Chavis also decried the proposed menthol ban.

“This joint public courageous statement from the mothers of Eric Garner and Trayvon Martin is critical to Black America given the current climate of fatal interactions between law enforcement officials and other persons acting under the color of law. This policy is detrimental to Black Americans intergenerationally across the nation,” Chavis stated.

“Racial profiling should be illegal in any form or policy. Now, the consequence of ‘smoking menthol cigarettes while Black’ will be another pretense.

“And, it will be an ‘unintended consequence’ of bad public policy that will result in negative interactions between law enforcement and Black America.”

Chavis continued:

“The NNPA opposes the proposed menthol ban in New York City because it is racially-targeted against Black Americans who culturally and socially prefer menthol cigarettes over against non-menthol cigarettes. This is not about promoting smoking.

“This is about preventing another racially-motivated ban similar to the infamous and devastating NYC ‘Stop-and-Frisk’ policy. Thus, the NNPA joins with NOBLE, and with NAN and the mothers of Eric Garner and Trayvon Martin in calling on the New York City council to oppose this bad racist public policy proposal accordingly.

“Racism in all forms must be opposed.”

#NNPA BlackPress

FILM: Top 10 Must-See Black documentaries

NNPA NEWSWIRE — Below you will find a list of documentaries, based on the roots of African American culture, compiled by Word in Black partner, The Houston Defender. From “I Am Not Your Negro” to “High on the Hog,” each film offers up the origin stories of our most important activists, artists, athletes and traditions.
The post FILM: Top 10 Must-See Black documentaries first appeared on BlackPressUSA.

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By The Houston Defender | Word in Black

The AFRO’s October Special Edition is all about the roots of our culture, our family lineage and the return to old ways and traditions. Below you will find a list of documentaries, based on the roots of African American culture, compiled by our Word in Black partner, The Houston Defender. From I Am Not Your Negro to High on the Hog, each film offers up the origin stories of our most important activists, artists, athletes and traditions.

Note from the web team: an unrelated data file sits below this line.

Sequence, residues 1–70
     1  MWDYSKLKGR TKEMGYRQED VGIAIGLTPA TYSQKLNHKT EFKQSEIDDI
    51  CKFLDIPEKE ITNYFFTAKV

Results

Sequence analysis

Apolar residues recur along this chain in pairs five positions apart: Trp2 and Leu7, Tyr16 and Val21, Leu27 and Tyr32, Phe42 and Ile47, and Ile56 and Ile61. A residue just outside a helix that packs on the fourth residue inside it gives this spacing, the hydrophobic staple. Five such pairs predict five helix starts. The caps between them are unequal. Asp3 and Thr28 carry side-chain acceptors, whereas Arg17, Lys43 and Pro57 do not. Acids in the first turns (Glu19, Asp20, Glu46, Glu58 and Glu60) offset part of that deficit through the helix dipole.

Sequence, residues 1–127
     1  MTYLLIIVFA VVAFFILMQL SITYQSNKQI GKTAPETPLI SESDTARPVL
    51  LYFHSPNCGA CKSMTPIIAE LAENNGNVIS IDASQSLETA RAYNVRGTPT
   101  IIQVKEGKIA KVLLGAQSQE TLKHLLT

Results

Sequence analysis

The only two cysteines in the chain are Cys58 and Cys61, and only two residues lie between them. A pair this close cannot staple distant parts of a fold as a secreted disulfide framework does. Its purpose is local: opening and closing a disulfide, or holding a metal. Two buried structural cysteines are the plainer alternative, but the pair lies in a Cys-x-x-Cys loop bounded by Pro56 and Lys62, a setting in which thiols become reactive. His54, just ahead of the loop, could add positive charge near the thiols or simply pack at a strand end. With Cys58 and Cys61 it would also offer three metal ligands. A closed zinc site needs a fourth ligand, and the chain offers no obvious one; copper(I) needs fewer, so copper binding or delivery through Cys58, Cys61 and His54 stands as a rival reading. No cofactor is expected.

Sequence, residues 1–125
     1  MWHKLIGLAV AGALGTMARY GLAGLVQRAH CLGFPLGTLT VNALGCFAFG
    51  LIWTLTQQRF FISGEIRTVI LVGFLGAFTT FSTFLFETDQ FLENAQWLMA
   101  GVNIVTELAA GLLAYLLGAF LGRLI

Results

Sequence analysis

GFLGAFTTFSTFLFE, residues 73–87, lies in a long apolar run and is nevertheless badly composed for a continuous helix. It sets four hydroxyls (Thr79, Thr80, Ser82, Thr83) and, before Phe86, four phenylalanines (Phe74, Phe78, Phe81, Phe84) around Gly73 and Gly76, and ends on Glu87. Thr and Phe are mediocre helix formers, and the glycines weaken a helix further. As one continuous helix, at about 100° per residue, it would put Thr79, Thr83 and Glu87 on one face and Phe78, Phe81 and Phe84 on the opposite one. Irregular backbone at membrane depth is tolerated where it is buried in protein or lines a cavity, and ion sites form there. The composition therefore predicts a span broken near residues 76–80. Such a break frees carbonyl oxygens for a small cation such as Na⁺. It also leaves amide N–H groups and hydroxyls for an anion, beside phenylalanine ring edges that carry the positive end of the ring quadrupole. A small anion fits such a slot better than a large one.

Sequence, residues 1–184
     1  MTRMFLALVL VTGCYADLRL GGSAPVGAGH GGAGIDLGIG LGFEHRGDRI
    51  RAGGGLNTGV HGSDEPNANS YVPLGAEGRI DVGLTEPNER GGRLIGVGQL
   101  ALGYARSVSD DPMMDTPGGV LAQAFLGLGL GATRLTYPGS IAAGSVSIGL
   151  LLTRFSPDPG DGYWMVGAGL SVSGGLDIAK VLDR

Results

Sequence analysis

#10: Attica (2021) 

In September 1971, Attica Prison became the location of one of the largest prison riots in US history, taking place just weeks after revolutionary activist George Jackson was murdered by prison guards at Rikers Island, an act that initiated the birth of Black August and the prison reform movement. The constant abject cruelty and inhumane treatment doled out to the incarcerated (who were overwhelmingly Black and Latinx) by Attica guards (all White) created the context. The riot itself, and its aftermath, are something all human beings should be required to reckon with.

#9: Quincy (2018) 

If you’re Black, it literally doesn’t matter when you were born, what generation you’re a part of, or where you’re from. You’ve been impacted by the genius of Quincy Jones. We’ve all been influenced by the genius of Quincy Jones. The music he made, the albums he produced, the artists he developed, the movies he scored, and about a gazillion other things Jones did, means, as I’ve already said, if you’re Black, Quincy has had a hand in your life. Don’t believe me. What Black person do you know who isn’t a Michael Jackson fan, who hasn’t seen The Wiz, or who doesn’t have a family member who worships jazz music? Quincy Jones had his hand in all that and so much more. Directed by one of his daughters, actress Rashida Jones, this doc is most definitely a must see.

#8: Four Little Girls (1997) 

On Sept. 15, 1963, just 18 short days after the much-celebrated March on Washington for Jobs and Freedom, the 16th Street Baptist Church in Birmingham, Ala., was bombed by four members of a Ku Klux Klan-affiliated racist group. Addie Mae Collins, Denise McNair, Carole Robertson, and Cynthia Wesley, four African American girls between the ages of 11 and 14 who had been attending the church’s Sunday school, were killed in the blast, an act of White domestic terrorism that served as a horrific and sober reminder that Dr. King’s “I Have a Dream” speech was not enough to end the hold the myth of White supremacy had on so many. Director Spike Lee tells this powerfully compelling and important story as only he can.

#7: The Two Killings of Sam Cooke (2019)